Where are the lines drawn to divide the abdomen into 9 regions

Mid-clavicularSubcostalTrans-tubercular

68

4 quadrants of the abdomen

UQLUQRLQLLQ

69

Muscles of the abdomen (4)

Rectus AbdominisExternal obliqueInternal obliquetransversus abdominisparietal peritoneum

70

When do the abdominal muscles contract to "guard"

to protect the abdominal organs when injury threatensPeritonitis

71

2 parts of the peritoneum

ParietalVisceral (both parts are continuous with each other)

72

Does peritoneum contain nerves

Yes, also secretes a small amount of lubricating fluid

73

In terms of the peritoneum,how are organs classified?

Intraperitoneal (almost completely covered in visceral peritoneum, minimally mobile) e.g. liverRetroperitoneal e.g. pancreas and kidneys (only has visceral peritoneum on its anterior surface - located in the retroperitoneum)With a messentery (e.g. parts of intestines, covered in visceral peritoneum which wraps itself behind the organ to form a double layer, mesentery suspends the organ fro the posterior abdominal wall = very mobile)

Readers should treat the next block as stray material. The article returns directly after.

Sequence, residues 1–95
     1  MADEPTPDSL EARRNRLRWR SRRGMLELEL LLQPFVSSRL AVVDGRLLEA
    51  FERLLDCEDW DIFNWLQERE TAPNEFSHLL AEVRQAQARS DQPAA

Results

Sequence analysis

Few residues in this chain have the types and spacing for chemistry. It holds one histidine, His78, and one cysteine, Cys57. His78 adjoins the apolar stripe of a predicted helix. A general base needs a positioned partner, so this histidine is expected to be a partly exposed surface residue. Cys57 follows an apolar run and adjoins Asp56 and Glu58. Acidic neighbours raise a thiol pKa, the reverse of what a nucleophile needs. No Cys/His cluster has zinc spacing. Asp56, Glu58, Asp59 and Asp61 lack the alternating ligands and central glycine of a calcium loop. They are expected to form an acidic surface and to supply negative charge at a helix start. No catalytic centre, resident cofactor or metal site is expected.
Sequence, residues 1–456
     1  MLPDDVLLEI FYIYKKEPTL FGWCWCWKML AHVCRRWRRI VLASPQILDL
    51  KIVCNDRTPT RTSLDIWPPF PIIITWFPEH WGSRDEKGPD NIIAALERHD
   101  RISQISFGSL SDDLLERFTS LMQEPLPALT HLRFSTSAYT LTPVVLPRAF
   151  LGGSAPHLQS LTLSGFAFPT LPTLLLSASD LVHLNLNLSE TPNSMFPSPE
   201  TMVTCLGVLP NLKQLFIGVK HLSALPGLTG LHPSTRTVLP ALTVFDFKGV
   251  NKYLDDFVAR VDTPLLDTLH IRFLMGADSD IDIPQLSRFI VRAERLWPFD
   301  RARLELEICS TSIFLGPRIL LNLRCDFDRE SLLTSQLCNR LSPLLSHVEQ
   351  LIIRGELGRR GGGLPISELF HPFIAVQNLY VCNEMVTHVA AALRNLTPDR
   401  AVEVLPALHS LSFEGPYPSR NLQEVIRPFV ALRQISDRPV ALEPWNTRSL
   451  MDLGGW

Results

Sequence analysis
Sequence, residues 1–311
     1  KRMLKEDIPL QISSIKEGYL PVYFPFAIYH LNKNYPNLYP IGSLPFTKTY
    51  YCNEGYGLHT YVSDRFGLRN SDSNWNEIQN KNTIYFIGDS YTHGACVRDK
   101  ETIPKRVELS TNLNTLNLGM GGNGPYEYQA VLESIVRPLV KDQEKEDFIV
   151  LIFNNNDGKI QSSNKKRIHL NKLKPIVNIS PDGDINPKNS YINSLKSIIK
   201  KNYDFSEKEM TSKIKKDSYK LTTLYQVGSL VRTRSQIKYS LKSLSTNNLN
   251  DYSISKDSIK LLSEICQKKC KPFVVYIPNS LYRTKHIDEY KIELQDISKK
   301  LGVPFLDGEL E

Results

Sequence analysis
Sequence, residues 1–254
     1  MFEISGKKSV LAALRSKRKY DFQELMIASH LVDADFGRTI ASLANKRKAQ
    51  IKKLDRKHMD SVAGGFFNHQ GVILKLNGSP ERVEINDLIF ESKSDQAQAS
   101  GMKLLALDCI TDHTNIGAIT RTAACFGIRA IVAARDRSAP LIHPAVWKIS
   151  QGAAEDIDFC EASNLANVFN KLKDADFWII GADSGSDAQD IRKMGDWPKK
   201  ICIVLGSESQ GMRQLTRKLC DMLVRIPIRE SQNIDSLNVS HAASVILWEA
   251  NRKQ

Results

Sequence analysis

74

What is are the name of 3 condensations of the peritoneum?

Greater omentumLesser omentumMessentery(double layers that attach organs to each other and to the abdominal wall)

75

What do the omenta do?

Divide the peritoneal cavity into a greater sac and a much smaller lesser sac

76

How do the 2 peritoneal sacs communicate

throughs the omental foramen

77

What lies on the free edge of the lesser omentum

The portal triad

78

What pouches (which are part of the greater sac) are formed when the inferior aspect of the peritoneum "drapes over" the superior aspect of the pelvic organs?

Rectovesical (in males)Rectouterine (pouch of douglas) and uterovesical (In females)

79

Ascites

Excess fluid within the peritoneal cavity

80

How is ascites fluid drained

Through paracentesis/ abdominocentesis

81

During paracentesis, where is the needle placed and why?